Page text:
Dorothy Snouffer

[ Age 84 ] Avid reader worked to get a library built in Lansdowne in the 1960s. When it closed, she fought to reopen it.

October 13, 2006|By Frederick N. Rasmussen | Frederick N. Rasmussen,sun reporter

Dorothy L. Snouffer, a book lover who with her husband worked diligently to get a library built in their Lansdowne community - and after its closing 27 years later fought successfully for its reopening - died Monday at the Maryland Shock Trauma Center after being injured in an automobile accident. She was 84.

Born Dorothy Lavern Manns in Baltimore and raised near Patterson Park, she was a 1940 graduate of Patterson High School and earned her nursing degree from the old Church Home and Hospital School of Nursing.

She worked briefly as a nurse before marrying lawyer Elroy J. Snouffer in 1942. The couple established Snouffer Properties, a property management and real estate investment company, in Lansdowne in 1950.

Mrs. Snouffer was the company's president until the business was closed in 1990, and the couple retired. Her husband died in 1996.

In 1961, the Lansdowne couple envisioned the need for a library in their community and founded the Library Committee of Riverview-Baltimore Highlands-Lansdowne.

"She and her husband played pivotal roles in getting the library established," said Gail Ross, the Arbutus library branch manager who also supervises the Lansdowne branch.

Baltimore County purchased the property at 500 Third Ave., and construction began on the one-story brick building in 1966. It was the first library branch to be built by the county under the aid provisions of the Federal Library Services and Construction Act.

"She really was the person who was responsible for getting the library built that has served thousands of people in the community through so many years," Mrs. Ross said.

"Some people scream and holler and don't get anything done. She worked quietly and got things done," said Ruth Slemp, a circulation assistant at the library and longtime friend. "She wanted to help people and make things better for her community."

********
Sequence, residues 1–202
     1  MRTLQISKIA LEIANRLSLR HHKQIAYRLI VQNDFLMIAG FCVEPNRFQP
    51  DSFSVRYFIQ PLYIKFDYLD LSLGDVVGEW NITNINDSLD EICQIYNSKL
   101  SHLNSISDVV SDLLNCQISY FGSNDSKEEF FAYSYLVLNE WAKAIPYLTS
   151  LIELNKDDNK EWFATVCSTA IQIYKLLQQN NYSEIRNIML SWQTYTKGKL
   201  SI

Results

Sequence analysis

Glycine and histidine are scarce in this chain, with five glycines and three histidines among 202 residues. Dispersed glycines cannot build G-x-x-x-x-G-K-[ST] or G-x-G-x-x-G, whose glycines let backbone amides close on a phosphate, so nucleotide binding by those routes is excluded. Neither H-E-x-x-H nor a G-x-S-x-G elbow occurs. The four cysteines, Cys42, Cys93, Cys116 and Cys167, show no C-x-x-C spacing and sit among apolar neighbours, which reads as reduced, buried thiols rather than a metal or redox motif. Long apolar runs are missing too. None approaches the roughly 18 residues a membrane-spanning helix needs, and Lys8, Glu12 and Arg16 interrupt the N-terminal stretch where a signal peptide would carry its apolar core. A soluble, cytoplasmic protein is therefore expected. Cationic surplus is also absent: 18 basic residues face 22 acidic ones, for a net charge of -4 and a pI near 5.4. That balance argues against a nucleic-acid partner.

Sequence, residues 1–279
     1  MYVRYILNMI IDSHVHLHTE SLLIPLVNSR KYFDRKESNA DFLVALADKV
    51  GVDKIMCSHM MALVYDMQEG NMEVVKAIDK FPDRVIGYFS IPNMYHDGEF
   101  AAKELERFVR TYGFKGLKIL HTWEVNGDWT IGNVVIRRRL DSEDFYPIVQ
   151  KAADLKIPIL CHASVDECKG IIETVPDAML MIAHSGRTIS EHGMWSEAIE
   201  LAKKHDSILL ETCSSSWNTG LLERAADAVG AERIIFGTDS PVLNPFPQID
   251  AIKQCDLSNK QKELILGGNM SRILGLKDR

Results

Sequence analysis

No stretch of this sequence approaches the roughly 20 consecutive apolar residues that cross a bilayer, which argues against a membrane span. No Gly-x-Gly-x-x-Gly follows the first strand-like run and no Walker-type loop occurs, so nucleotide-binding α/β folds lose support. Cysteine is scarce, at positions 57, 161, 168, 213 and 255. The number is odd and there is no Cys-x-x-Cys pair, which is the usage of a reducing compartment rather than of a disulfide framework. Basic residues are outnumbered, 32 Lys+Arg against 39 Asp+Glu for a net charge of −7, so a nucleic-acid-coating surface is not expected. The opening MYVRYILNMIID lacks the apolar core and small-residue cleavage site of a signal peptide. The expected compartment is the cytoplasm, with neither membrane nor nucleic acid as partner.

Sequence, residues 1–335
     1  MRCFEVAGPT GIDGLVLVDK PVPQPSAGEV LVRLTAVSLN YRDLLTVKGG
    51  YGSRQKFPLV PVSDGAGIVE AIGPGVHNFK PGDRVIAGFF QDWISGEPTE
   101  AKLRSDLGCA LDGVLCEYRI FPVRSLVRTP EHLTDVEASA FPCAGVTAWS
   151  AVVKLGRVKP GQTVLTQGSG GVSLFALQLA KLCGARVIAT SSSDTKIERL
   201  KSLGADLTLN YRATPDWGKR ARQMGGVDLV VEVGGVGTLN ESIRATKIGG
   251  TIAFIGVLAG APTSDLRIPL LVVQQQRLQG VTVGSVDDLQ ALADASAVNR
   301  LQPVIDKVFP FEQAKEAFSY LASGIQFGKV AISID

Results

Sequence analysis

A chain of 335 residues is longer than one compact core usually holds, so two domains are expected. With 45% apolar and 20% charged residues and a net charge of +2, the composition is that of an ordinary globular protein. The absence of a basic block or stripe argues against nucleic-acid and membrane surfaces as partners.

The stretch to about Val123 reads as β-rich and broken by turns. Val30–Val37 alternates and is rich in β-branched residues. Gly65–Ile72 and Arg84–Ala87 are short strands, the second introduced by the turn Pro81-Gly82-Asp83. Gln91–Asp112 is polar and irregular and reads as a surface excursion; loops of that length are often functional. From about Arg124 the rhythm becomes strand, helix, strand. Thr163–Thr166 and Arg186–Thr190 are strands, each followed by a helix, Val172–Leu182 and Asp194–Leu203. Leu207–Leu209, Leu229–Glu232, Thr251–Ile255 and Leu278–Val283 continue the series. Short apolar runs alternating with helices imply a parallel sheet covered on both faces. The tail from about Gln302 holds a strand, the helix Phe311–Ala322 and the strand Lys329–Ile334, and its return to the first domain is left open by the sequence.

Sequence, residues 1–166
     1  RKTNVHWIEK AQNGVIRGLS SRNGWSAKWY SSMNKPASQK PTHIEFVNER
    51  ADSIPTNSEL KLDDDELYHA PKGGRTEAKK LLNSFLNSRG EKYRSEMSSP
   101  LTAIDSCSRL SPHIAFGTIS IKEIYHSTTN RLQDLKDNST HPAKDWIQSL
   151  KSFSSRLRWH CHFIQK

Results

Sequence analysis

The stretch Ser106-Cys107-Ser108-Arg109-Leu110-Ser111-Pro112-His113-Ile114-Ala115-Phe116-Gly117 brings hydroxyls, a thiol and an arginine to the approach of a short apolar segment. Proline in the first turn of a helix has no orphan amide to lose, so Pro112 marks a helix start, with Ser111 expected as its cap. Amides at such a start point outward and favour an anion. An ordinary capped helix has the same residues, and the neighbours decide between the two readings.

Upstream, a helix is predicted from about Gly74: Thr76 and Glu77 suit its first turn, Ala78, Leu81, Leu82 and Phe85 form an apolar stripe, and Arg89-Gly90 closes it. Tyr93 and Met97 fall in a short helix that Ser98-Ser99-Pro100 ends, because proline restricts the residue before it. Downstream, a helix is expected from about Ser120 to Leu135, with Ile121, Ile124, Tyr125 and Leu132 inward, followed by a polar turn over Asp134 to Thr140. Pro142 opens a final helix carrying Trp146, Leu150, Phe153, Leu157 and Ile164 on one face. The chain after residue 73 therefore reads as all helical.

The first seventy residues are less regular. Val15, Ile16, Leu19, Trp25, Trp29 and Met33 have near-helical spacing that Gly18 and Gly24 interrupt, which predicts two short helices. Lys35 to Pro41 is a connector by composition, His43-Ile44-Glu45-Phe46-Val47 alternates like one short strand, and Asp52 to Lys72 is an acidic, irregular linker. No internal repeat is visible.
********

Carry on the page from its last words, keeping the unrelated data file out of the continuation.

The library was among seven closed by the county in 1993 because of budget cuts. Mrs. Snouffer joined with other residents in protesting its closing, but it took 13 years before they had it back.

On April 8, after a $389,000 renovation, the Lansdowne library reopened, with Mrs. Snouffer attending the ribbon-cutting ceremony.

"I'm really glad to see it reopening," Mrs. Snouffer said in an interview with the Arbutus Times. "I'm a fan of the Arbutus library, but it will be nice to have a branch closer to home."

Mrs. Snouffer enjoyed spending summers at a second home in Anne Arundel County's Sherwood Forest community, and swimming at the YWCA in Catonsville. She was a member of the Lansdowne-Baltimore Highlands Senior Center.

She was a member of the Evangelical Lutheran Church of Our Savior in Lansdowne, and its Altar Guild and choir. Her memorial service will be held at 11 a.m. tomorrow at the church, 41 Lavern Ave.

Surviving are a son, Joseph E. "Jay" Snouffer of Roland Park; two daughters, Susan S. Miller of Garrett Park and Deborah S. Winchester of Sherwood Forest; a sister, Norma Philpot of Wilmington, N.C.; and six grandchildren.

fred.rasmussen@baltsun.com

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